Stimulus package winners: broadband arms dealers
No matter who builds the networks, if broadband is part of the economic stimulus package, big suppliers win.
NEW YORK (Fortune) -- A few days ago we jokingly opined that arguing about the deployment of high-speed data networks was a bit like fighting about world peace: Who could ever quibble with it?
Turns out there's much to fight about, especially if the government decides to dole out money for building broadband networks as part of the president-elect's economic stimulus package. Should tax credits go to the big telecommunications companies and cable operators who already supply most residential customers with broadband connections? Or should the policy favor new entrants who will provide competition to the incumbent phone and cable guys?
Should a federal agency administer the policy and dole out the stimulus, or should those decisions rest with states and local communities? "The federal government can create uniform standards on quality of service," says business strategist Craig Settles, who thinks local communities should have a say in the kind of broadband technology they deploy, and who gets to build it. "A lot of cities and counties planned out how this technology could be put to work."
While the lobbyists, community groups, lawmakers and regulators work all this out, telecommunications equipment suppliers can sit back and wait for the orders to start pouring in. Because no matter who ends up building the broadband infrastructure - incumbents or competitors, cities or corporations - they'll need to buy some pretty heavy-duty equipment to make these networks work.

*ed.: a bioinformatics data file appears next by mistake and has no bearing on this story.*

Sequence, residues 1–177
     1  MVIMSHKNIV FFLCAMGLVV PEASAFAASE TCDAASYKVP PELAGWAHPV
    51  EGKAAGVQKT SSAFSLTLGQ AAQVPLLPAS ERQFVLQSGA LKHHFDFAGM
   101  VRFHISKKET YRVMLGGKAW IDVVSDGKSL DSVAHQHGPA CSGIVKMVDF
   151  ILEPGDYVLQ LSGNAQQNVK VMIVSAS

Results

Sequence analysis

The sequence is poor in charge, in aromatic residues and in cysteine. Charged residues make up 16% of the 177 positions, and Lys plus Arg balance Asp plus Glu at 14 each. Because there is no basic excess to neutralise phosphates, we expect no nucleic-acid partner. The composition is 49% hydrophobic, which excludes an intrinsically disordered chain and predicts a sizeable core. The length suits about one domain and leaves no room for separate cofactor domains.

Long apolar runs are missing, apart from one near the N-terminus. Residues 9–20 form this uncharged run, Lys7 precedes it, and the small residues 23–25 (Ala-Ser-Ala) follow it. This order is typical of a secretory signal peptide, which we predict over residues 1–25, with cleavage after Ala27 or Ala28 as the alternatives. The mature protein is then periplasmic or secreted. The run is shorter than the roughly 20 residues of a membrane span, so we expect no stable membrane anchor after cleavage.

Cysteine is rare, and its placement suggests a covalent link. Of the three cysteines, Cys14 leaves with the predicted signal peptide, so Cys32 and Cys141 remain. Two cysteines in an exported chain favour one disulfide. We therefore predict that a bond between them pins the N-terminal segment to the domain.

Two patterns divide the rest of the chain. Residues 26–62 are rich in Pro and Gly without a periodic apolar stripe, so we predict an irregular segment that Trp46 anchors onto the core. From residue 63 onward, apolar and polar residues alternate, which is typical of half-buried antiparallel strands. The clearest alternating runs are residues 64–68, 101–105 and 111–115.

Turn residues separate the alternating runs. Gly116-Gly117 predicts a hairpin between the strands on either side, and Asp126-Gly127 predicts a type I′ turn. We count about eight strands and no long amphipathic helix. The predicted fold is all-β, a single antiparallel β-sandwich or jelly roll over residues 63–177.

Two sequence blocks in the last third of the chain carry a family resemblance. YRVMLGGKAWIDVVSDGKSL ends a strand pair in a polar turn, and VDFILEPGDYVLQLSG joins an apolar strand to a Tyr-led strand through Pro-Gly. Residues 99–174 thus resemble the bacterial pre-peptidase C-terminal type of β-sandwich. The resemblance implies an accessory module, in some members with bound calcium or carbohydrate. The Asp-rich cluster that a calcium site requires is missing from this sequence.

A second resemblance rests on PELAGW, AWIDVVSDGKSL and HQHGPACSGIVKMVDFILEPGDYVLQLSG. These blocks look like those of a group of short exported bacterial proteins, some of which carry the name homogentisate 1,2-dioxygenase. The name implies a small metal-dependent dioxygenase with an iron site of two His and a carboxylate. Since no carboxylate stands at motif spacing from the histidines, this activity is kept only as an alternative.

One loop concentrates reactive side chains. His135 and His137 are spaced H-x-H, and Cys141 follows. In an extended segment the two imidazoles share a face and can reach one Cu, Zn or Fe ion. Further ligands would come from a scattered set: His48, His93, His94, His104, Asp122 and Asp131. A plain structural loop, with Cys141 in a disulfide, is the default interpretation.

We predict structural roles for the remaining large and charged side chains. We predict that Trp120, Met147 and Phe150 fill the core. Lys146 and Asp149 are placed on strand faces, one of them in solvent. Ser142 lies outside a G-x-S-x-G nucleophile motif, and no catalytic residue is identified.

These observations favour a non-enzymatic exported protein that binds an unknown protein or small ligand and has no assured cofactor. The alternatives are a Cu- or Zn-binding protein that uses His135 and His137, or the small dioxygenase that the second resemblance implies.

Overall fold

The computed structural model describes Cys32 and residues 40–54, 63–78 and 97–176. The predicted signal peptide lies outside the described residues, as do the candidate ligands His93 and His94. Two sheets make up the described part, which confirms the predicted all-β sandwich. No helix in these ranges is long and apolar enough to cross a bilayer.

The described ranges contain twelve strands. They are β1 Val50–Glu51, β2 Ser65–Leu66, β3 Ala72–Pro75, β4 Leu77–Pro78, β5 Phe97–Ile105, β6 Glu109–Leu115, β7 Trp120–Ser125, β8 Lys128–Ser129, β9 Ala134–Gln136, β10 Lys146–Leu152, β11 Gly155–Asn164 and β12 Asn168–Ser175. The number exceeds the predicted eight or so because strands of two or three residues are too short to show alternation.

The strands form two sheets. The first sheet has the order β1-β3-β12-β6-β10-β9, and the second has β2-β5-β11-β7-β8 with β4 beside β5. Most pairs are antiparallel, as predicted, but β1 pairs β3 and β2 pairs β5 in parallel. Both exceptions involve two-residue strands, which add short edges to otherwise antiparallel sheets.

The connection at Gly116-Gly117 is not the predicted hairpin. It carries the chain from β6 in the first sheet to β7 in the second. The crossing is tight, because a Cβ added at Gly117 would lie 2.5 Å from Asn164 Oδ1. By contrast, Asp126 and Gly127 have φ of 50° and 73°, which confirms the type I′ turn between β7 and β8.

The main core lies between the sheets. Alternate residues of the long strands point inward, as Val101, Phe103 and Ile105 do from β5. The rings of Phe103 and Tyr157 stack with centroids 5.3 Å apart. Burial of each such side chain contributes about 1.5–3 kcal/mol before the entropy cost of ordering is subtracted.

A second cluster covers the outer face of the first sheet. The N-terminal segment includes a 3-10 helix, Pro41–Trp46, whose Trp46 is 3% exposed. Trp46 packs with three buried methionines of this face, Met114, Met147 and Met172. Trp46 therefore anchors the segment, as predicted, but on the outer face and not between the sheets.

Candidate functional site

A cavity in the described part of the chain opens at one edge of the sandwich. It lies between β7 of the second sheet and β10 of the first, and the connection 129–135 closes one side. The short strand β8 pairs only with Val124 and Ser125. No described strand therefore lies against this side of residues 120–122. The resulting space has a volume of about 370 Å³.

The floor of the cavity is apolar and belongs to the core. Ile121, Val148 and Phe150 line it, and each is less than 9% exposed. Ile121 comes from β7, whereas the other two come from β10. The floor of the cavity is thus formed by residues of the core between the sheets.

"Cisco, Motorola, Juniper (JNPR), Alcatel Lucent (ALU), they're all going to benefit," says Roger Entner, head of telecom research for Nielsen. (The stimulus package may come too late for Canadian equipment maker Nortel, which filed for bankruptcy protection from creditors Wednesday.)
Many of the biggest equipment makers, who sometimes are referred to as the "arms dealers" of the telecom industry because they happily supply warring service providers, also have also have construction units that actually build networks, digging the trenches and laying the fiber needed for high-speed networks.
And these networks will call for more fiberoptic cable, even if some providers decide to use wireless systems or to upgrade existing coaxial cable or copper telephone lines. The data traveling to and from the so-called broadband "last mile" still needs to travel over robust fiber backbones to get to content that resides in servers all over the world. "You will definitely have to create a more fiber-rich environment," notes Jeff Campbell, director of technology and communications policy for Cisco (CSCO, Fortune 500).
That's good news for optical fiber maker Corning (GLW, Fortune 500). It is also good news for the companies that operate the fiber backbones. And while it is too soon to know if phone companies AT&T (T, Fortune 500), Verizon (V) and Qwest will qualify for tax credits for building broadband networks, those companies also happen to be operators of the nation's big Internet backbones. Even if they aren't direct recipients of any government relief, any policy that boosts the amount of data people use means they will benefit.
Ultimately, though, the biggest winners of widespread broadband deployment will be consumers, says Cisco's Campbell. "We're going to work toward giving people broadband who don't have it, and bring world-class speeds to this country, and make it universally available," he says. "I think the reason that this idea is getting so much traction is because it is good for the country and good for the public."